Robert Rorabeck

Veteran Poet - 1,893 Points (04/10/1978 / Berrien Springs)

The Dancers Dancing - Poem by Robert Rorabeck

I bought forty dollars of candles today at the supermarket
Near my historical house,
And maybe I cried for Sharon, but I don’t want to think about it
Or any other white girl:
My phallus is always happy when it has time to remember how
It slept with my body underneath the broken down school
Buses of our high school:
Together with the orange fields and scuppernongs of our truancies:
And now I really have something else to love,
While the bodies seem to make their way up again like wild flowers
Who have nothing else to perceive of their business expenses
And the deep intrinsic ways in which they greave,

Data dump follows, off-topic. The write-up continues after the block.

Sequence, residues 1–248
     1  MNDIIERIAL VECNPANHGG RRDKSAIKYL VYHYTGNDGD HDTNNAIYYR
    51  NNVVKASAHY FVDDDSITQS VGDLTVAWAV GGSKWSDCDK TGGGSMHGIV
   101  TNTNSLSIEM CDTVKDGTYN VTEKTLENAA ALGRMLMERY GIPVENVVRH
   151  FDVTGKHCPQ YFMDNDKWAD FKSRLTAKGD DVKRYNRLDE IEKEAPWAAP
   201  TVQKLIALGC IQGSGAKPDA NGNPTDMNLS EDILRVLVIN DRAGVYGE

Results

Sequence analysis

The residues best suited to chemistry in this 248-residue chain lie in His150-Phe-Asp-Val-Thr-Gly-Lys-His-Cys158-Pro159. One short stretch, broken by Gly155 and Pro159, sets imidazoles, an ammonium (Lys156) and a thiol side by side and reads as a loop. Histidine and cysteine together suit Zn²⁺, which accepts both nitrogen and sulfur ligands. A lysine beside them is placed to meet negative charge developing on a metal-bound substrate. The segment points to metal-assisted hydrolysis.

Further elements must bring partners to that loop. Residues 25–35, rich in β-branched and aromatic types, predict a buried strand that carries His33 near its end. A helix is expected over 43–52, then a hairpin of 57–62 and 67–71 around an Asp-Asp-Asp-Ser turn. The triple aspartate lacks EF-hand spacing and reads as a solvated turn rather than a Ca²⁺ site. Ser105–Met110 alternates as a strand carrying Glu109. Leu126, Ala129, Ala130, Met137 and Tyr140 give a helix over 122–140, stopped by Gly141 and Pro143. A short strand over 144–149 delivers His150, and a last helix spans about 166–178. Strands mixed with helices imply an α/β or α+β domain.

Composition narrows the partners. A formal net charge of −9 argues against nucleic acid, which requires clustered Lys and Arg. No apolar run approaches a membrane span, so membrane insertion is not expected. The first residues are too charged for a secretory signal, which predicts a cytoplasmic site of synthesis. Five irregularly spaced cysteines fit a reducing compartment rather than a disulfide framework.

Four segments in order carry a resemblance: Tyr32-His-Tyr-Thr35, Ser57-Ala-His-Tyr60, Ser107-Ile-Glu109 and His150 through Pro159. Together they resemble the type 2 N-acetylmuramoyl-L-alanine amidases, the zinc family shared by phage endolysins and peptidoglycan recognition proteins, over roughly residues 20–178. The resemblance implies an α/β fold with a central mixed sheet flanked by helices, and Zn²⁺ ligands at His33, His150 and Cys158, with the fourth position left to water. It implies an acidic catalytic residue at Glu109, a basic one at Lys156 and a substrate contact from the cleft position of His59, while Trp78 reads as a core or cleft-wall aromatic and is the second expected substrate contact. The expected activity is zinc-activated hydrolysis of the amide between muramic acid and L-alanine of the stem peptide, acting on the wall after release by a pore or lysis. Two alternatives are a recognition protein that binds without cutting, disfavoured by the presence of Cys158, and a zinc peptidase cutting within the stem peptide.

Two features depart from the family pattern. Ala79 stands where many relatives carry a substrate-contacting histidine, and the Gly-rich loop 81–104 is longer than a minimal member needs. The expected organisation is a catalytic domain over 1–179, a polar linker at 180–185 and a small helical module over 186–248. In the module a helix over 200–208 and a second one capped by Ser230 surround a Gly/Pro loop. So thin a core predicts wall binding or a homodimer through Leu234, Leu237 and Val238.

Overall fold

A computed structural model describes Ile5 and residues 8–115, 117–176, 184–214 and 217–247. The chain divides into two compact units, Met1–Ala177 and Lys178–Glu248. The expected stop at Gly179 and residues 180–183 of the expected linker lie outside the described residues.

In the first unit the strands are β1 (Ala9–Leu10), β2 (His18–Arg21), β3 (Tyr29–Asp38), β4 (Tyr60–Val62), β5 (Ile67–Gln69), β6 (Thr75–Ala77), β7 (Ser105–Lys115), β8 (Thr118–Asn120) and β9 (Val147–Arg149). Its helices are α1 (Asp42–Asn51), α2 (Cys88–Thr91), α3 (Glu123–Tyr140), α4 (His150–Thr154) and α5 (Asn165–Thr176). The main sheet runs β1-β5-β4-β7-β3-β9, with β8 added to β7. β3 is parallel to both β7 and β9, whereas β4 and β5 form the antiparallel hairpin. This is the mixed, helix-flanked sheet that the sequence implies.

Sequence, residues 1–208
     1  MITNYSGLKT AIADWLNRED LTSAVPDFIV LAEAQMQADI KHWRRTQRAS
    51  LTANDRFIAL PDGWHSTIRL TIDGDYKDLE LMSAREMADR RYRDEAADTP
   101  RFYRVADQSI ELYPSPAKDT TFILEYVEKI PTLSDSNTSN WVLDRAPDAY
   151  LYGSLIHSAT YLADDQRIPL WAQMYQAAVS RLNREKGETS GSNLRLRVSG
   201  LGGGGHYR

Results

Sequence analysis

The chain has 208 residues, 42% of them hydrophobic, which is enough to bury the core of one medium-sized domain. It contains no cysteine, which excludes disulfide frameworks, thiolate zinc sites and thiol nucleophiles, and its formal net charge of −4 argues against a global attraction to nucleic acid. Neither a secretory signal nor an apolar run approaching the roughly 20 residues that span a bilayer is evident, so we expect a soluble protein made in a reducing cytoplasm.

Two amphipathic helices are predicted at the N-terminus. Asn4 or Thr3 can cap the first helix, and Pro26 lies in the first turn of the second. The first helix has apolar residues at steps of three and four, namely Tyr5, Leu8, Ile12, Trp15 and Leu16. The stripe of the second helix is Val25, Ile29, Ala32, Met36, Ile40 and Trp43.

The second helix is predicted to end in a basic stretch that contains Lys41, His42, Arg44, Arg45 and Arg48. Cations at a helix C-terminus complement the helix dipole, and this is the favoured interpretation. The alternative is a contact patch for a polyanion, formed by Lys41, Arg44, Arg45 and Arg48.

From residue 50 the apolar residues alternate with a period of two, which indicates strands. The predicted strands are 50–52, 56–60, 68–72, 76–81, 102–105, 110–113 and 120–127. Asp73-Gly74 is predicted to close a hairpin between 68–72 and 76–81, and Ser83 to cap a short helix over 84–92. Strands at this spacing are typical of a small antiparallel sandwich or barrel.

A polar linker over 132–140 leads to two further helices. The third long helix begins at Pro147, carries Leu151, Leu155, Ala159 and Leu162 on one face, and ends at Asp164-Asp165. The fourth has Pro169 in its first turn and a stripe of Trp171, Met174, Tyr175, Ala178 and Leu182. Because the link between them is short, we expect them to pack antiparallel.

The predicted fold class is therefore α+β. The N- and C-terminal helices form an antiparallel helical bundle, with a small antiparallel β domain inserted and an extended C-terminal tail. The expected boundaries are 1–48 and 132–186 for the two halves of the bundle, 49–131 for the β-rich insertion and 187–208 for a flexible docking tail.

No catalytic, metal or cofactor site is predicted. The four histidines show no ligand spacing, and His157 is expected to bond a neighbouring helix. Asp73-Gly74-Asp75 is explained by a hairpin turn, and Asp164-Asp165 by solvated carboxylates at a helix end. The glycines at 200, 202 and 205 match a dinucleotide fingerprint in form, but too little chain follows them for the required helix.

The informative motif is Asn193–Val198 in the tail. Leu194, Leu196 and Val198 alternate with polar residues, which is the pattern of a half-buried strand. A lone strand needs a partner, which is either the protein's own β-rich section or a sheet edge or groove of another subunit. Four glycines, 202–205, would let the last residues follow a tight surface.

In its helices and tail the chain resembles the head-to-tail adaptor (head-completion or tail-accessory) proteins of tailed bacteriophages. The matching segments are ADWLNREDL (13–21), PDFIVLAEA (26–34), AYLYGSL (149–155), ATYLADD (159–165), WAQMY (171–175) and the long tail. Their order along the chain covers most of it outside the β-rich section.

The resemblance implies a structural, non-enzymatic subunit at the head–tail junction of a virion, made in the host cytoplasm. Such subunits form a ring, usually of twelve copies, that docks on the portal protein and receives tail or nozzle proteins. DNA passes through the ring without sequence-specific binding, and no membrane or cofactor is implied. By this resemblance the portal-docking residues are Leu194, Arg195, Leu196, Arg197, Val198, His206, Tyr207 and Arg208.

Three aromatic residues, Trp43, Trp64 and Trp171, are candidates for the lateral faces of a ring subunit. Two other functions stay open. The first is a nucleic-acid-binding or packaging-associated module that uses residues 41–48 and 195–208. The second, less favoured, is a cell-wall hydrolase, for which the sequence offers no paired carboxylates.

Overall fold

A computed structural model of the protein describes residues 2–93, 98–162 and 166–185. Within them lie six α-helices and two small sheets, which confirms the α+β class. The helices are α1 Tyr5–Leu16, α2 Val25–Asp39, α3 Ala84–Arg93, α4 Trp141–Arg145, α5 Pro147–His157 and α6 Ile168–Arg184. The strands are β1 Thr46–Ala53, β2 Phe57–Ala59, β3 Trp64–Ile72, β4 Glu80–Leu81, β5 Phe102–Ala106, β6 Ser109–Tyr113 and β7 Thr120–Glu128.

And I have never been on a bus to Mexico, Alma, but let me go there
With you for at least a year or two,
To Guerrero to see all of your lost family, and to fly again,
While all of the copper heads are standing up and
Saluting us and kissing or ankles,
Or are at least curious enough to ask us questions,
While your soul gets up and pulls my reclusive soul out from the ribs
That you stole from me,
So that in the patina of our lost orchard, we can set our selves up
As dancers: Alma, the dancers dancing.


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Poem Submitted: Saturday, May 8, 2010



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